TOLL PLAZAS NOT MONSTERS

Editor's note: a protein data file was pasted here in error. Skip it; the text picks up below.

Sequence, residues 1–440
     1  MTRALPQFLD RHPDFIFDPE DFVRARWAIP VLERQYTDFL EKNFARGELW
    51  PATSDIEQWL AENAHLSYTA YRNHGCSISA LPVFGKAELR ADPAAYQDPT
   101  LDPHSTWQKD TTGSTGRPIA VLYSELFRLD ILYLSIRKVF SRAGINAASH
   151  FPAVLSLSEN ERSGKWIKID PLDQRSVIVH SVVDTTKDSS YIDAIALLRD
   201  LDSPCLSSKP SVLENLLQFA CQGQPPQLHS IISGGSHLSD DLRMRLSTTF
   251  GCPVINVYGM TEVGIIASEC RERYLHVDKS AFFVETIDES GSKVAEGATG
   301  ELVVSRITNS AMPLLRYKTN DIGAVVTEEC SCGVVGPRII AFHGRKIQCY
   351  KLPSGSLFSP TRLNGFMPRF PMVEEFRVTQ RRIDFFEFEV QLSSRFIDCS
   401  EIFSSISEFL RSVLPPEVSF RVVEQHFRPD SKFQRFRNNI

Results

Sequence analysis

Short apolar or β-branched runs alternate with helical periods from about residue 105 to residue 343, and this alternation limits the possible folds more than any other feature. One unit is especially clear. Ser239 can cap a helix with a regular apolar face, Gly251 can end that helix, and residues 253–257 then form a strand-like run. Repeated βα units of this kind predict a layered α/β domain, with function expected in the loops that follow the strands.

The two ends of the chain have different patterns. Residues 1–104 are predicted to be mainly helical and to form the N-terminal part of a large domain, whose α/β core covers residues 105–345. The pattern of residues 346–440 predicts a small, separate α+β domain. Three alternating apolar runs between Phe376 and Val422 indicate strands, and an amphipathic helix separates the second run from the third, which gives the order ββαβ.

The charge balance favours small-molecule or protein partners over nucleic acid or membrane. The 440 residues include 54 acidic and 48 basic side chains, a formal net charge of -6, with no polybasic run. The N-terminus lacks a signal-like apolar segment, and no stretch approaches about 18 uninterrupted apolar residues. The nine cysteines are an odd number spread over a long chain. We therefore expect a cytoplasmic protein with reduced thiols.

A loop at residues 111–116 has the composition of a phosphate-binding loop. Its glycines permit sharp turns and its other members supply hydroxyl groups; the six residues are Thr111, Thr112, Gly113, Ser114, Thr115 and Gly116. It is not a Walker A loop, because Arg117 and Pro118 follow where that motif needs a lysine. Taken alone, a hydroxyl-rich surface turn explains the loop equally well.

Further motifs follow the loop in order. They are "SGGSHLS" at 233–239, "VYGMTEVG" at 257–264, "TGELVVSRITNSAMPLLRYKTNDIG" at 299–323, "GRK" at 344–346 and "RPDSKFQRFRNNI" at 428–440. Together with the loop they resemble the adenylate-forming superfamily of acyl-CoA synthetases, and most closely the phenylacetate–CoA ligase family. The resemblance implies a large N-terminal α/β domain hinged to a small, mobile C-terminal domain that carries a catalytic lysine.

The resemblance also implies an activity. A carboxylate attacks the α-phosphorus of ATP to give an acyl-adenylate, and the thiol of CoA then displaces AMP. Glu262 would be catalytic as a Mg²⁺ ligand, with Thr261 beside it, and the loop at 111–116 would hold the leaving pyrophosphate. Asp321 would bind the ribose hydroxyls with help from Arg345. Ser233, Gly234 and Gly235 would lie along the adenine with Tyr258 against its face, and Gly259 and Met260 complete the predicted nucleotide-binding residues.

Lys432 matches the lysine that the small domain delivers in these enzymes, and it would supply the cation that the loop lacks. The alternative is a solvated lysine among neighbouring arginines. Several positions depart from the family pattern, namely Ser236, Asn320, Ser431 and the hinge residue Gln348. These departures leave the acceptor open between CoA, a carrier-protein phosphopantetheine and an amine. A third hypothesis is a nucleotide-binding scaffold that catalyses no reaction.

THE construction of toll plazas on highways across the country should be seen in the context of sustainable road infrastructure maintenance and development. In the past, Zambia struggled to maintain the road infrastructure because there had not been a sustainable and consistent financing arrangement. Some years back, a fuel levy was introduced as a financing mechanism for road maintenance and development but such an arrangement was not sufficient to meet the rising demand for road projects. Thus the toll plazas being rolled out on main roads should not be viewed as a monster aimed at choking the motorists, but an indispensable national project designed to improve infrastructure. There are numerous foreign automobiles that ply the length and bread of the Zambian roads with heavy loads. Zambia occupies a strategic geographical position in the Southern Africa Development Community (SADC) and the Common Market for Eastern and Southern Africa (COMESA) where regional integration and trade is rising. Trucks in the region use Zambia as a transit point from various countries in COMESA and SADC regions. The volume of traffic at Kasumbalesa border post linking Zambia and the Democratic Republic of Congo (DRC) is so huge that the country cannot afford to lose revenue from levies. This, therefore, means that the trucks will have to pay levies at Garneton toll plaza between Chingola and Kitwe. At Michael Chilufya Sata toll plaza between Ndola and Kitwe which was commissioned by President Edgar Lungu yesterday, trucks and other vehicles will have to be levied for the country to rake in more revenue. Kafulafuta toll plaza between Ndola and Kapiri Mposhi is another pay point so is the Manyumbi toll plaza between Kapiri and Kabwe. On the same stretch, there is Katuba toll plaza between Kabwe and Lusaka; there are many more plazas dotted across the country. The heavy cargo trucks traversing Zambia’s roads are laden with copper and other minerals from the mineral-rich Katanga province in the DRC, hence it is justified that they pay to compensate for the wear and tear of infrastructure. Yes, there are some residents who drive on highways on a daily basis as they go for work while others conduct business using the same stretches on a regular basis. However, there are special rates for those living within 10 km radius and also for those who ply such areas on a daily basis. Some people may argue that there are too many payments for motorists, which include road tax, carbon tax, vehicle insurance and now toll levies. But certainly, there has to be a cost-sharing arrangement to ensure a neat and smooth road network. Government has opened up the rural areas through the massive and unprecedented road infrastructure development countrywide. This infrastructure requires huge financing for maintenance and Zambia cannot continue relying on donor to develop and maintain roads. The roads have to be first-rate to improve communication and running of business in all areas of the country. Travellers, entrepreneurs and the general public will now spend less time on the roads because of the many links that have been created. For instance, people travelling from Nakonde to Chama no longer have to use a meandering route through Lusaka to Chipata, Lundazi then Chama. They have a shorter route from Nakonde through Matumbo before Chinsali to Chama district while those in Kabwe will not have to go to Lusaka before getting to Mumbwa. They will have to use Landless Corner to Mumbwa from Kabwe. In order to maintain the network, the plazas are a reliable mechanism to raise financing on a sustainable basis. It is an international practice. Therefore, toll plazas are not monsters!